NEW DELHI: Separatist leaders in Kashmir have called for a shutdown on Sunday in protest against the “illegal detention” and “arbitrary arrest” of some of their colleagues and the deployment of an additional 12,000 troops in Kashmir valley.

In a strongly worded statement on Saturday the Joint Resistance Leadership (JRL) called the arrest of the senior separatist leader Yasin Malik and the crackdown on 200 Jamaat-e-Islami cadres and leadership, including its chief Ameer Abdul Hamid Fayaz,  “dictatorial” and “arbitrary.”
It said that “nocturnal raids across the valley look to be a part of the continued policy of suppression of pro self-determination leadership and narrative.”
“The last 30 years have shown that jailing and intimidating activists and leaders will not deter them from their path, nor will it stop people from demanding the resolution of the Kashmir dispute through self-determination,” said a statement issued by Syed Ali Geelani, Mirwaiz Umar Farooq and Yasin Malik.
The separatist leaders also condemned the pressure tactics being used by the government against some of the local media.
Amid the crackdown on the valley-based separatist leaders New Delhi has also started deploying 12,000 additional troops in the valley.
“We are keeping two things in mind — to control the situation emerging out of the arrests of the separatist leaders and to be ready to hold elections in the valley parallel to the national elections,” a senior officials in Srinagar told Arab News.
After last week’s Pulwama suicide attack that claimed more than 40 lives of paramilitary personnel in South Kashmir, there has been a considerable build-up of troops in the valley. 
The crackdown on the separatists coincides with the crucial hearing on Article 35-A in the Supreme Court on Monday. The article grants special rights and privileges to the residents of Jammu and Kashmir, and has been challenged by a section of the Hindu right wing in the Supreme Court.
The nocturnal arrests of the activists and separatist leaders have come under criticism from the valley-based mainstream political parties.
“In the past 24 hours Hurriyat leaders and workers of the Jamaat organization have been arrested. Failure to understand such an arbitrary move which will only precipitate matters in Jammu and Kashmir,” said Mahbooba Mufti, former Chief Minister of Jammu and Kashmir.
She questioned “under what legal grounds are their arrests justified? You can imprison a person but not his ideas.”
The ruling Bhartiya Janata Party (BJP)’s ally in the valley Sajad Lone also questioned the wisdom of the crackdown.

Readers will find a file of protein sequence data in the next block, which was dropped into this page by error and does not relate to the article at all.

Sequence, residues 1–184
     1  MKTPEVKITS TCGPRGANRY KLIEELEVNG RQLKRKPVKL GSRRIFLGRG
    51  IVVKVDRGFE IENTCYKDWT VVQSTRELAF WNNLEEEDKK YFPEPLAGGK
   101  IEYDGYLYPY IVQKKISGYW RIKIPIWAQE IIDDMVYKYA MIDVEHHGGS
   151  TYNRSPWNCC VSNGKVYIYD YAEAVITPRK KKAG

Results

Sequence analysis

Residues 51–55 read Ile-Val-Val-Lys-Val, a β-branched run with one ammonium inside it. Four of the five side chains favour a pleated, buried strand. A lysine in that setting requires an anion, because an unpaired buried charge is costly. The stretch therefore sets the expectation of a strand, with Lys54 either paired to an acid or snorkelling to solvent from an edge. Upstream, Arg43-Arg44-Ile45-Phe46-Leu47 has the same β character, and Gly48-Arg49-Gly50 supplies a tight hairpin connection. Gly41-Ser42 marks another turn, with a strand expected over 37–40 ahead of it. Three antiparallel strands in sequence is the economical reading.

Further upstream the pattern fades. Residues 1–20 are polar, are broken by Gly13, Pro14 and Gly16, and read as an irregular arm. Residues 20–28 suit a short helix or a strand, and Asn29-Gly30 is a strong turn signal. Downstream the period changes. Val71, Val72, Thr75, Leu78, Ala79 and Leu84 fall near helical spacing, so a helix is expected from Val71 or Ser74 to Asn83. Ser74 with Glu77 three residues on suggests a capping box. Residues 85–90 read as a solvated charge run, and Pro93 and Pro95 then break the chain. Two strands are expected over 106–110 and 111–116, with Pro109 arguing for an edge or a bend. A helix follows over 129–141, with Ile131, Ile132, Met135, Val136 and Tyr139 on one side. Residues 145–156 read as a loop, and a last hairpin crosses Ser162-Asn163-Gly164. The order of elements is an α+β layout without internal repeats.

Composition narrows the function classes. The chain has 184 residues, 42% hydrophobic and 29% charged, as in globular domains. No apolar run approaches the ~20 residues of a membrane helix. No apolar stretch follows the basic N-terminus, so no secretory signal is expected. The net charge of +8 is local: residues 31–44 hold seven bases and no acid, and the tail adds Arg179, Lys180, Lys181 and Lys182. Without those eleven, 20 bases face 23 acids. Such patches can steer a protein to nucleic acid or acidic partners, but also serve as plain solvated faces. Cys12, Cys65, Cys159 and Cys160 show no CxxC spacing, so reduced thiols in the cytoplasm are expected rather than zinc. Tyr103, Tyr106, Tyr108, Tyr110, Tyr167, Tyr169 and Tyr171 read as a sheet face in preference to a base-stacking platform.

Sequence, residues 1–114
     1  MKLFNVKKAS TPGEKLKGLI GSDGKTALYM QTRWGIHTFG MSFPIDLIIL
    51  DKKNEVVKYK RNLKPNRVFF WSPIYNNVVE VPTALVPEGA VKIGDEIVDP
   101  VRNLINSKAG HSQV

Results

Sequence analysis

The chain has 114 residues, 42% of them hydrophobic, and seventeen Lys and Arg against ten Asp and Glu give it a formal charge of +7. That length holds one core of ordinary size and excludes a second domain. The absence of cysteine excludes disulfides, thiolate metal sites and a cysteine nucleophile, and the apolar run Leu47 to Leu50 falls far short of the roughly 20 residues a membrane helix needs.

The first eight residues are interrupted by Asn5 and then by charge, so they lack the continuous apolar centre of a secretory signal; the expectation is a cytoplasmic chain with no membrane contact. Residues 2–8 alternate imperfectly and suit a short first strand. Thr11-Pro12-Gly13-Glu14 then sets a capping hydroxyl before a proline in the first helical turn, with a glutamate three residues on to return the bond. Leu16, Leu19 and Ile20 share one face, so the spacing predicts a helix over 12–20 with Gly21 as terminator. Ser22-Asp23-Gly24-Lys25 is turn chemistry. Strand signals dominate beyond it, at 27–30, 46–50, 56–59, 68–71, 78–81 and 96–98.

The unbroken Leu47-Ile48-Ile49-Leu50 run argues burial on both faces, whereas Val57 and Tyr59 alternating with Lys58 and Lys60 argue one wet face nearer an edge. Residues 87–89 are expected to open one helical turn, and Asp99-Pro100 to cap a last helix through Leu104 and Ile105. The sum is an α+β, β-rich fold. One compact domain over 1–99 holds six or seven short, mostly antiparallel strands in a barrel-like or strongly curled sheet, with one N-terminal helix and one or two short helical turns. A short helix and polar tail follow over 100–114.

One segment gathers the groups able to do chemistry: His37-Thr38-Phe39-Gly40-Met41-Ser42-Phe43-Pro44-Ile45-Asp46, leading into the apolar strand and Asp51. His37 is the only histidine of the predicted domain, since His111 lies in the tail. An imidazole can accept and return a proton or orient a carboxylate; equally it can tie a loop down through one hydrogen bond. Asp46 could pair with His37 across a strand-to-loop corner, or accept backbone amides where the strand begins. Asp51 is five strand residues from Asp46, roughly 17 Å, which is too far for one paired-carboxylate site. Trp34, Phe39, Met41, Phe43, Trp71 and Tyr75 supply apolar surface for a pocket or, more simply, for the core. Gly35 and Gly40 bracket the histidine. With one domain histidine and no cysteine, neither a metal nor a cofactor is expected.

“Large-scale arrests took place in 1990. Leaders were ferried to Jodhpur and many jails across the country. Things worsened. This is a failed model. Please desist from it. It won’t work. Things will worsen,” said Lone in a tweet.
However, Dr. Hina Bhat of the BJP justified the arrest of the Hurriyat separatist leaders.
“If you want to bring peace in Kashmir it is important to remove all the ingredients which are causing disturbance in the state, be it separatist or Jamiat,” said Bhat, a Kashmir-based leader.
“Why you think we should go and talk to militants who are killing their own people. We are not killing these separatist leaders, we are just removing them from the scene.”
“We have tried and gave enough chances for the dialogue process with Pakistan. What happens is that when we trust Pakistan we are backstabbed and we cannot trust Pakistan for a dialogue process,” he added.
She told Arab News that “the government is taking appropriate steps to bring back peace and life in the state.”
“The militants in the state are brainwashed individuals and they pick up guns because of their personal reasons not to fight for the cause of Kashmir. Youth are being misguided and brainwashed by the separatist leaders for their political agenda. They work as the agents of Pakistan,” asserted Bhat.
Kashmir-based analyst Professor Siddiq Wahid said that “Delhi is practicing a cynical policy at its best.”
“In the last 24 hours, the fog has cleared and it is becoming apparent that the BJP is spinning Pulwama in the interests of electoral politics. Their war-cry was to isolate Pakistan, so it has not succeeded because international support for this is non-existent. Yet it has successfully stirred the BJP base,” added Wahid.
He told Arab News that “Delhi continues its policy of denial of dispute and at the same time making the Kashmiri eminently more insecure in India. It is disastrous.”